One of the first questions people start asking after a serious accident is, “Do I have a personal injury case?”
Weighing both the viability and value of a potential case is important when considering how to proceed. But you’re going to have a tough time answering that question without first talking to a Florida injury lawyer. Even if you have a basic sense of what negligence is and the fact that you were hurt by someone else’s failure to use care, other details can stop a case before it starts.
For instance, if the other driver is negligent but does not have insurance and you don’t have uninsured motorist coverage, you may not have a personal injury case. If you’re in an accident and the other driver was at-fault but your injuries were not serious and permanent, you may have to rely solely on your own personal injury protection coverage (PIP) because your case doesn’t meet the serious injury threshold for filing a Broward personal injury lawsuit, as outlined in F.S. 627.737.
We’ve also seen situations where an injured person erroneously assumes they don’t have grounds for a case because they were partially to blame. The fact is, comparative fault (fault that is shared by the injured person) won’t necessarily kill a case. Per F.S. 768.81, partially at-fault plaintiffs can still recover a portion of the damages from the other at-fault party, so long as their own blame isn’t greater than 50 percent. (In the legal world, we call this “modified comparative fault with a 51 percent bar.” Until a few months ago, we used to have a system of pure comparative fault, meaning you could collect on 1 percent of damages even if you were 99 percent at fault. Florida tort reform legislation that passed and went into effect March 2023 changed that.)
Don’t Rely on Guesswork to Decide If You’ve Got Grounds for an Injury Case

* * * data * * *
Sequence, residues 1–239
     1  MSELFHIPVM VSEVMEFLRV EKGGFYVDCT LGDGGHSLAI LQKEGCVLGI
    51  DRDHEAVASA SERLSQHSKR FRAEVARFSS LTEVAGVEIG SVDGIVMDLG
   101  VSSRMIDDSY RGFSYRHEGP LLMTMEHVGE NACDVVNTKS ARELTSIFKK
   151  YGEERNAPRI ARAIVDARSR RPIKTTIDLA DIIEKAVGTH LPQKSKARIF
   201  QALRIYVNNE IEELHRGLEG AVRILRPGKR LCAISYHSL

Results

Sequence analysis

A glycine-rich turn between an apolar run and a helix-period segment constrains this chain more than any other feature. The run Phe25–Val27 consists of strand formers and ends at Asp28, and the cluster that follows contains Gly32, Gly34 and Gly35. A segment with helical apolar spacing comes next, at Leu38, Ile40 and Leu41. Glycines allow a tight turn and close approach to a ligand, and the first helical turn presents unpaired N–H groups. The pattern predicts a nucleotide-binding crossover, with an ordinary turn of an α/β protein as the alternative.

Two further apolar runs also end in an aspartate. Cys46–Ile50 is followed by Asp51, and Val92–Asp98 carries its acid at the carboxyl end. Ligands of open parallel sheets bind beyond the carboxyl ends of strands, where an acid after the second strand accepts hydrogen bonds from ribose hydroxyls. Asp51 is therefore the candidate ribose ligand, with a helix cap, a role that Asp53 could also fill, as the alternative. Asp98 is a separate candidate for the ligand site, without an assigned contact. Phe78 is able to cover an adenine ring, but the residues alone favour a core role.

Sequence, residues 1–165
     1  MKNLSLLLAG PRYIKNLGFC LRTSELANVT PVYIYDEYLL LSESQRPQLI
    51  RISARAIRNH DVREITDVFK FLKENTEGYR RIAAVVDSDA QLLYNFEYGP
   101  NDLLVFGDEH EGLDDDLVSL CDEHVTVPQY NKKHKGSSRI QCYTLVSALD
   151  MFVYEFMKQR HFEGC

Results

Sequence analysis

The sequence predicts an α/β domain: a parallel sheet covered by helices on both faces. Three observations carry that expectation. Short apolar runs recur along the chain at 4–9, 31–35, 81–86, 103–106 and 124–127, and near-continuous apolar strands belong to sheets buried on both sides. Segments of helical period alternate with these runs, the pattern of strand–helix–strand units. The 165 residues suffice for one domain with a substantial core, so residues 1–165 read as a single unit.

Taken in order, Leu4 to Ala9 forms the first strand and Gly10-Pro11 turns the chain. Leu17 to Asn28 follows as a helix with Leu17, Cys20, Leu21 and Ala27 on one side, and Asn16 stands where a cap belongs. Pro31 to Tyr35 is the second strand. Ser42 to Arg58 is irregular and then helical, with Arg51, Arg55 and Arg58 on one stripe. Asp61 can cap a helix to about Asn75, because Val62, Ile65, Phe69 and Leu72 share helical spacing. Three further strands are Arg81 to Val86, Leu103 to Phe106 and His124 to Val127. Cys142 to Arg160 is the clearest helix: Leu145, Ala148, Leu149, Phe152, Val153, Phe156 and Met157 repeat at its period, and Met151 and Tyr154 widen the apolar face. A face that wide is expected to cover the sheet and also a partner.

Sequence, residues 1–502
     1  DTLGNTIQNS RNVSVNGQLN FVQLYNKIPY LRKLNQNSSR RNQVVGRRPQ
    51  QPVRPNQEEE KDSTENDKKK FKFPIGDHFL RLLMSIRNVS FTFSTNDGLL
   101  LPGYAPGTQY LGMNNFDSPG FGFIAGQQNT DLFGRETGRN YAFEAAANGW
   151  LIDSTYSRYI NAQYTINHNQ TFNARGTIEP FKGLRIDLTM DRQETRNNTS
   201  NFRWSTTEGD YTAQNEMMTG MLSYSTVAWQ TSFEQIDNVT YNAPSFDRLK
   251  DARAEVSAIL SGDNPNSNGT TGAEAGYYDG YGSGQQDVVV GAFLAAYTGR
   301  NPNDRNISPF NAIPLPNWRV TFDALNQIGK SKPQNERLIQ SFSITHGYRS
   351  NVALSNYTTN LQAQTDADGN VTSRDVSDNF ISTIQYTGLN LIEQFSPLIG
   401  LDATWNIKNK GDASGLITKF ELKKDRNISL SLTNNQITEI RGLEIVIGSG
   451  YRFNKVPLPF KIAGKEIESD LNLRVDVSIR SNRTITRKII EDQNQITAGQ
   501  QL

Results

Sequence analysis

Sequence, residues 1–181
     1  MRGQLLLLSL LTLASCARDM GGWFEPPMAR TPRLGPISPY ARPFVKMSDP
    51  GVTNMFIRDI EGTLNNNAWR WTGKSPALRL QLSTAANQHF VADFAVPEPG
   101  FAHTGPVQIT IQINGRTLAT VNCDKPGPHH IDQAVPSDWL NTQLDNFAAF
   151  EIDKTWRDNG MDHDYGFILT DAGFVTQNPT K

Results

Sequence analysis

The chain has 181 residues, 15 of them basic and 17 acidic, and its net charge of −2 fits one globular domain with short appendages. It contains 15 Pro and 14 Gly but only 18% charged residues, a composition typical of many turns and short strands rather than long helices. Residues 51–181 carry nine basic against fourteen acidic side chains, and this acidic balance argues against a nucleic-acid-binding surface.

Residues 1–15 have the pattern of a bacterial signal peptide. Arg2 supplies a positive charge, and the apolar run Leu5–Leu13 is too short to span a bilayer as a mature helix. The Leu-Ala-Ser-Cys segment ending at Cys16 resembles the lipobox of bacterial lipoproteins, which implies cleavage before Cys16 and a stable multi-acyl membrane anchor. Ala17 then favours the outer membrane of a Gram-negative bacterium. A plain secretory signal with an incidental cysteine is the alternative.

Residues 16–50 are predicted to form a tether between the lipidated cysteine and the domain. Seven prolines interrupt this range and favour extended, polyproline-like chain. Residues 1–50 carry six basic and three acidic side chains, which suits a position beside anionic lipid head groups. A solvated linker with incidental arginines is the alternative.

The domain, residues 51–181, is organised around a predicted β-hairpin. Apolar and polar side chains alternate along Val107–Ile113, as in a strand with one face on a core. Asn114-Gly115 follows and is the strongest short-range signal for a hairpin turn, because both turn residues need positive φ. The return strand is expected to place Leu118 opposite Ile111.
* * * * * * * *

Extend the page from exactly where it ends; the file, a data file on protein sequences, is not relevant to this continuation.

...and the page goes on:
These kinds of scenarios are why it’s important for people who aren’t injury lawyers to make presumptions about whether they’ve got a case.
Fortunately, there’s no reason to rely on guesswork because the vast majority of Broward injury lawyers offer free initial consultations to help you answer this fundamental question. We’ll look carefully at the facts you’ve gathered so far, determine what gaps need to be filled in, identify potential defendants, provide a rough estimate of how much value your case may have, and give a general timeline/breakdown of the process.
But how do you know if the attorney is a straightshooter and not just telling you that you have a legitimate injury case to make money? Because, as any Broward injury lawyer can tell you, there’s rarely money to be made on a weak case.
Civil injury case attorneys are paid on a contingency fee basis. In Florida civil injury cases, plaintiff attorneys (those working for the person injured) don’t get paid unless you win your case. As noted by The Florida Bar, the attorney agrees to accept part of the money recovered as the fee for their services. The exact amount depends on the complexity of the case and your timeline, but the percentage is usually somewhere around 20-30 percent. Because there is no attorney’s fee paid unless we win, there’s no conflict of interest when providing an assessment of the viability of a case to a prospective plaintiff.
What Elements are Needed to Win a Broward Personal Injury Case?
As noted by the American Bar Association, one might have grounds for a personal injury case if the injuries that were sustained were the result of negligence by the other party. In layman’s terms, negligence means someone had a responsibility to use a degree of care, they failed to exercise that level of care, and the result was physical injuries that led to financial damages.
Some examples of potentially viable personal injury cases in Florida:
- A car accident caused by a drunk or distracted driver.
- Physical assault at a nightclub where security was sorely lacking.
- Falling down in a commercial parking lot with non-obvious tripping hazards.
- Negligently delayed medical diagnosis of a serious condition that led to a worse prognosis than if it had been caught sooner.
The vast majority of personal injury cases are rooted in negligence, though there are a few outliers. For example, injuries from incidents like dog bites or defective consumer products may be based on a theory of strict liability. In those cases, it’s not necessary to prove an absence of care. Strict liability focuses on impact rather than intent.
If you have questions about whether you have grounds to file a Fort Lauderdale personal injury lawsuit, we can help.
Call Fort Lauderdale Injury Attorney Richard Ansara at (954) 761-4011. Serving Broward, Miami-Dade and Palm Beach counties.
LEGISLATURE PASSES COMPREHENSIVE TORT LEGISLATION, March 24, 2023, By Mark D. Killian, Florida Bar Association
More Blog Entries:
Florida Personal Injury Plaintiffs Now Face New Comparative Fault Standard, April 10, 2023, Fort Lauderdale Personal Injury Lawyer Blog